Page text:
4 Bylaw Amendments Enhance Protections to Cobb EMC Members
At the 2014 Annual Member Meeting, Mark Hackett proposed that the task force be continued to further enhance the Cobb EMC bylaws. This proposal was overwhelmingly approved by a floor vote of the Members. As a result the Cobb EMC Board commissioned a task force of Members and Directors to pursue this effort.
In 2015, four amendments to the Cobb EMC bylaws are presented for Member vote. The Cobb EMC Board is sponsoring three of those amendments and they are a direct result of the task force collaboration between the Board and Members. The Cobb EMC Board of Directors and Cobb EMC Forum are in agreement in recommending a YES vote on Amendments 1 through 3. A fourth amendment is being sponsored by Mark Hackett because the task force was unable to come to a compromise on that item. Because this is the only amendment in which the Board of Directors and Cobb EMC Forum are at odds, it will be presented first.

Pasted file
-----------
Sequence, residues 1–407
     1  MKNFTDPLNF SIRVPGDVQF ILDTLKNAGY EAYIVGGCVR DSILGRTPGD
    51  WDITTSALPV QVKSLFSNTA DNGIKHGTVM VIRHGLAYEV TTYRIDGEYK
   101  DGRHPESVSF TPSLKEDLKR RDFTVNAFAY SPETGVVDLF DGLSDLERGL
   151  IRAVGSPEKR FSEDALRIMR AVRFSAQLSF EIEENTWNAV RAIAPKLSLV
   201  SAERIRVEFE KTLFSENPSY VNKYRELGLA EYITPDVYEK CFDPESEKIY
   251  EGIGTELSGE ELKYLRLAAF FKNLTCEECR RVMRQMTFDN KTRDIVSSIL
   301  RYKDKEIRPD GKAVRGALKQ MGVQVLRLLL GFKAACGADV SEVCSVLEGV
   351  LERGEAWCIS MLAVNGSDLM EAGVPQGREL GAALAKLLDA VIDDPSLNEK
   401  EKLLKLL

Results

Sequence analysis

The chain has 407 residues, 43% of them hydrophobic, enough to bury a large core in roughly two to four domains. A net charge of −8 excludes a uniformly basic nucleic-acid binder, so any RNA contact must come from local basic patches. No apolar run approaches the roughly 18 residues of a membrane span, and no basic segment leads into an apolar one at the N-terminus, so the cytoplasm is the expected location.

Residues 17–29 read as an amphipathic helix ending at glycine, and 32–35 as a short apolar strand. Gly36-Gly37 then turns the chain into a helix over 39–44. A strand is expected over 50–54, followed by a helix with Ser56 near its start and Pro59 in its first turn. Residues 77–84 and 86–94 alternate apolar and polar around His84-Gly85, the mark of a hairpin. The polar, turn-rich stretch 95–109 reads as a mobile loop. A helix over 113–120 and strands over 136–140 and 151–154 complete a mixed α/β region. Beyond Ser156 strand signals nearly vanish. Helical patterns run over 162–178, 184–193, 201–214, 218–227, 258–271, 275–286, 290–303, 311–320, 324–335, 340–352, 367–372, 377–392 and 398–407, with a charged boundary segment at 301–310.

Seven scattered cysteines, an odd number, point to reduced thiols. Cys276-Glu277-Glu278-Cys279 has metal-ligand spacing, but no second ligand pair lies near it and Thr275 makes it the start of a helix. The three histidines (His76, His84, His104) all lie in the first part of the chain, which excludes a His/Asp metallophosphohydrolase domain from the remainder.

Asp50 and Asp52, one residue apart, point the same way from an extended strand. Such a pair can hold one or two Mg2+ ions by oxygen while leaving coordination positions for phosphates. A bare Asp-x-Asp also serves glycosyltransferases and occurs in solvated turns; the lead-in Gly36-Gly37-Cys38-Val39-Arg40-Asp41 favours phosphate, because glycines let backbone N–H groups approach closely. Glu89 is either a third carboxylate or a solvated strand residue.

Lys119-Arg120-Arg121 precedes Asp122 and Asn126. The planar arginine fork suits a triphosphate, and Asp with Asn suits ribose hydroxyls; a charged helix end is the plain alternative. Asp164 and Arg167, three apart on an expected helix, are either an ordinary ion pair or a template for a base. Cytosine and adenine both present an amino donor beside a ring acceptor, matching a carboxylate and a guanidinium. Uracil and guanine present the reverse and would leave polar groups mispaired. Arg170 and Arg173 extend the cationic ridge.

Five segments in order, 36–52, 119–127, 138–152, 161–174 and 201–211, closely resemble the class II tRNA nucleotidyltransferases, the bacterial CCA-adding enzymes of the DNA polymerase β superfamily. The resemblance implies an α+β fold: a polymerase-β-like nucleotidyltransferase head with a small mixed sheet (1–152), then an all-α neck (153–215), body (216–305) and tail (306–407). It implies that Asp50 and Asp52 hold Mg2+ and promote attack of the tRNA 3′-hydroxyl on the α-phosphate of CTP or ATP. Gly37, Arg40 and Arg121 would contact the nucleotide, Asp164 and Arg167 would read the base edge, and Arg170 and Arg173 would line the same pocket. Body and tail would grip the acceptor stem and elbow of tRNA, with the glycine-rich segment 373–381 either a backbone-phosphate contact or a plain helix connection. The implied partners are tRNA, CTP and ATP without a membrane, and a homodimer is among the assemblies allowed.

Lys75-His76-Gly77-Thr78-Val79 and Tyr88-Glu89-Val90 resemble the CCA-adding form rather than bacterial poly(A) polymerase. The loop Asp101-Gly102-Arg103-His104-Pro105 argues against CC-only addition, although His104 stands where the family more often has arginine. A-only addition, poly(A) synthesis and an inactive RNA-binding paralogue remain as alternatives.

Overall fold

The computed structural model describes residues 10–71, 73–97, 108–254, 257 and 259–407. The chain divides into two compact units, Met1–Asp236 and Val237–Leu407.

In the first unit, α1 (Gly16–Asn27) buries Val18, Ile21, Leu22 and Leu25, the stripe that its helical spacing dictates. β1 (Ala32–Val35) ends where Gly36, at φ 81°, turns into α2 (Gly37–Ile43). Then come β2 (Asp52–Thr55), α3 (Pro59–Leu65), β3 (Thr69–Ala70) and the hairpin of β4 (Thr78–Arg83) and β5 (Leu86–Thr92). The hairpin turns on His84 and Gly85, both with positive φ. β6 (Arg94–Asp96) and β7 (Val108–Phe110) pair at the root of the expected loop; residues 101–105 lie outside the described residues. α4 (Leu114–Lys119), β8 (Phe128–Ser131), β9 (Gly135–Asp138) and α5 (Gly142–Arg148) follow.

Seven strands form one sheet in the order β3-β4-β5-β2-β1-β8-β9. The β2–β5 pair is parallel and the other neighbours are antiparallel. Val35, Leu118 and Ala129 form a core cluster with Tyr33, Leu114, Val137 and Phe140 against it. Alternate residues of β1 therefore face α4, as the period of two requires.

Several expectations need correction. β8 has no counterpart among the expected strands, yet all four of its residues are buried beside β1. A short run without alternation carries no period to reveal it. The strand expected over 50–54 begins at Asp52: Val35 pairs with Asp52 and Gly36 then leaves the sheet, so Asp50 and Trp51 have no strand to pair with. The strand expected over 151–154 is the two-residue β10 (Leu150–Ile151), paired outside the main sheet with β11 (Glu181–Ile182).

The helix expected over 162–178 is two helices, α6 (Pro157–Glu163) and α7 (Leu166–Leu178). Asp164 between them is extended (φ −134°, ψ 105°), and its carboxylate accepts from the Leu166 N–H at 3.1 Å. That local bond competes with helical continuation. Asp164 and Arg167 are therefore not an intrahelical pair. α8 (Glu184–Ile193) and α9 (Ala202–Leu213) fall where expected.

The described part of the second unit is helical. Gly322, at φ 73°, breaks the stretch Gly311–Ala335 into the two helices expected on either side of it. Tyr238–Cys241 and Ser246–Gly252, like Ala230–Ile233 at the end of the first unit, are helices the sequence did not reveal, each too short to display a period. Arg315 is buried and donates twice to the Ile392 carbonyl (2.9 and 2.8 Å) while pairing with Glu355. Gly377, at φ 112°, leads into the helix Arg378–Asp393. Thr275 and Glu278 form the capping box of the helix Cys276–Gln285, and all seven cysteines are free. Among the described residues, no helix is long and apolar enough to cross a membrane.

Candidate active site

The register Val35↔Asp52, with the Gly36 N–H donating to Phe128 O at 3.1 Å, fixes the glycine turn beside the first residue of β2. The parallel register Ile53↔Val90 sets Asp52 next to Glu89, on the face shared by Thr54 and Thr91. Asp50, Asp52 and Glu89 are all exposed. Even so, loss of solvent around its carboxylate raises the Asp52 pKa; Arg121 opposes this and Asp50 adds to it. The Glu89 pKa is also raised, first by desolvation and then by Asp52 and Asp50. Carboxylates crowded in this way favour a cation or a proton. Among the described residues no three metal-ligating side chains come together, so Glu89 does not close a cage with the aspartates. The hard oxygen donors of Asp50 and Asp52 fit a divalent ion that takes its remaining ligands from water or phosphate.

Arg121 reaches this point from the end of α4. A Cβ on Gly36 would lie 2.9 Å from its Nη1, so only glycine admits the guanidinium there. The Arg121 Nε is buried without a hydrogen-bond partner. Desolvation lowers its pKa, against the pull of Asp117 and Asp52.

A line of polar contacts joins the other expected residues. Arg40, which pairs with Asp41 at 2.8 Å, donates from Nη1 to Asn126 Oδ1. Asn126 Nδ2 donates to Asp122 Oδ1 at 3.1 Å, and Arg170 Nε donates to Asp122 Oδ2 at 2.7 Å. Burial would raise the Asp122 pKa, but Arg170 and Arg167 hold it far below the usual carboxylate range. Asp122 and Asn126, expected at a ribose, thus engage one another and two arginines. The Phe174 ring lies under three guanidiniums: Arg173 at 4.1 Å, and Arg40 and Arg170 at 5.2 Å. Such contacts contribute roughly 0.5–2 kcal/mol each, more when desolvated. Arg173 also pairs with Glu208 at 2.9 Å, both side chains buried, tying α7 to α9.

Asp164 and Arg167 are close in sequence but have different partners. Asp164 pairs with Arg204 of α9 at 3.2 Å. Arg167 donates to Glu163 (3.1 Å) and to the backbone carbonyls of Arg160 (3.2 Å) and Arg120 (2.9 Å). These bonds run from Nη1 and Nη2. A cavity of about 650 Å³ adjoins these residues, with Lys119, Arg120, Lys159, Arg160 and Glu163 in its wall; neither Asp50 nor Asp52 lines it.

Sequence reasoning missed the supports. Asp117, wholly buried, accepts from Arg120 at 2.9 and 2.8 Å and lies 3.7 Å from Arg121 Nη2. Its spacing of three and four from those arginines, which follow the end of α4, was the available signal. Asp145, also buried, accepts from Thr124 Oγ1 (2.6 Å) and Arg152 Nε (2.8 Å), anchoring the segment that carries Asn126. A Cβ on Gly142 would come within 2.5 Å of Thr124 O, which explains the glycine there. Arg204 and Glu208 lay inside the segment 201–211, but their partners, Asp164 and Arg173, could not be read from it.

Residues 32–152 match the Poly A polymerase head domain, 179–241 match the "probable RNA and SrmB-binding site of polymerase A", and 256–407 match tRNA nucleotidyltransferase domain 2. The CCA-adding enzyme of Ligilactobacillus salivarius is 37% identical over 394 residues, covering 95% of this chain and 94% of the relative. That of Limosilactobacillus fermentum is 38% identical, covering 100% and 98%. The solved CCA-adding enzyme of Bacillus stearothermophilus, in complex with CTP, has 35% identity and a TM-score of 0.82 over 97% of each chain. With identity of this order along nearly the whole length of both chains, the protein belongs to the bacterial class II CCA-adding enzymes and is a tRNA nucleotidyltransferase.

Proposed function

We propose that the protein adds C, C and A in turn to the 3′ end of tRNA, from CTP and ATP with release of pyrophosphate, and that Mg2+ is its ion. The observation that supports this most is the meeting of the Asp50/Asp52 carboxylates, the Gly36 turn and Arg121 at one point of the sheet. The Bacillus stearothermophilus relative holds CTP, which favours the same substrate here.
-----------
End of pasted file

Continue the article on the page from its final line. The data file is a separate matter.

Amendment 4 – Treat Any Meeting Where There Is a Quorum of Directors Just Like an Open Board Meeting
In 2012 the Members approved a massive rewrite of the bylaws which contained many enhancements. One enhancement that has improved transparency of EMC governance to Member oversight was making the monthly Board meetings “open” for Members to attend. Since then, however, it has become common practice for controversial subjects to be covered in “closed” committee meetings attended by all or at least a quorum of directors. After discussion in the closed committee meeting, a committee recommendation is brought to the “open” board meeting, but since all the tough discussion already occurred in committee with most if not all of the board in attendance, a vote is made with little or no discussion of the real issues while Members are present.